Iolite Key Facts

  • 7-7.5 on the Mohs scale of hardness
  • Mined chiefly in Sri Lanka and Myanmar
  • Colours vary from violet to blue-green to grey
  • Also known as a ‘water sapphire’
  • Said to represent happiness and joy

General Information on Iolite

Iolite is actually the gem quality version of Corderite, which was named after the French geologist Pierre L.A. Cordier, who first described it in 1813. It is also known as ‘water sapphire’ because of its lovely pale bluish colours that can vary from violet to a blue-green or grey.

Iolite is pleochroic, which means it shows different colours when viewed from different angles. The best blue colour is seen when viewed down the length if the crystal; when viewed across the crystal it can appear almost colourless. Tanzanite is a blue-violet gemstone variety of the mineral zoisite, has strong pleochroism as well and can be easily confused with iolite. However, tanzanite is usually more strongly coloured, its pleochroic colours vary from dark blue, green-yellow and red-purple and it has greater fire. The pleochroism exhibited in both these stones makes a gem cutters job very hard work!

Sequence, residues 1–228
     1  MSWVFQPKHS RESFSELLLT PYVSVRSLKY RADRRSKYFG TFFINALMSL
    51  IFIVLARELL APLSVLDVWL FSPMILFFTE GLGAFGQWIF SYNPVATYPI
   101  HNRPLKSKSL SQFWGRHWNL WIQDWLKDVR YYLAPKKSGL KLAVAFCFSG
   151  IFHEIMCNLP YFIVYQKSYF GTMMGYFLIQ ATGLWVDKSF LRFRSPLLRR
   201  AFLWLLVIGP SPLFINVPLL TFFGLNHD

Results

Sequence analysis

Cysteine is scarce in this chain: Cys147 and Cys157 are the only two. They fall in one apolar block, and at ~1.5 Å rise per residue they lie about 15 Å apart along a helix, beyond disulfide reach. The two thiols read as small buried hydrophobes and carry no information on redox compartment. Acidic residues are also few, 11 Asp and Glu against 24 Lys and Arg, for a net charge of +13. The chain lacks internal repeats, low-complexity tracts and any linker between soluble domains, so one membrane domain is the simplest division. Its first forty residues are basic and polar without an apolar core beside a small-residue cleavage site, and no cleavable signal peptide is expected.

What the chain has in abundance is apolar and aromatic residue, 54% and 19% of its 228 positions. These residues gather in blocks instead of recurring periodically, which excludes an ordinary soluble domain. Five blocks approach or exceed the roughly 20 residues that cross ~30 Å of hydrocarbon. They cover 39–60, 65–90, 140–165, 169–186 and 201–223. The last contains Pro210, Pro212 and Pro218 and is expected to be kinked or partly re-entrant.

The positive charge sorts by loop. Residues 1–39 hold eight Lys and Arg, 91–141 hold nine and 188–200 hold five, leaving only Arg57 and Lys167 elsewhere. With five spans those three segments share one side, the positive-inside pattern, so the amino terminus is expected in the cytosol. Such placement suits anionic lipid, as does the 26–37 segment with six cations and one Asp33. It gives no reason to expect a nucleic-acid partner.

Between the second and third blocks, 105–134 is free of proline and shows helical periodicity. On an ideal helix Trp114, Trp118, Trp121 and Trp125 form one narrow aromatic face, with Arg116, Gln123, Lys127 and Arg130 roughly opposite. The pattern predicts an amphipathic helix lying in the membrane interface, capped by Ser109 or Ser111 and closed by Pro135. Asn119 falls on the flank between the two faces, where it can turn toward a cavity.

So far, no treatments have been successfully used to lighten colour or to remove inclusions, so one can assume that all gems are untreated.

Iolite is found in Sri Lanka and Myanmar primarily, but large, flawless pieces have also been found on Garnet Island in Canada. Some are up to 5cm long! Iolite is also found in Madagascar, Tanzania, Brazil and South Africa.

Iolites are fairly brittle, exhibiting conchoidal tendencies (breakages look like sea shells) or uneven fractures, so they are also difficult to find in square cuts like baguettes and princess cuts. Highly faceted cuts like the brilliant cut are particularly good for pale stones like iolite as they seem to concentrate the colour, making it look stronger, darker, and more sparkly.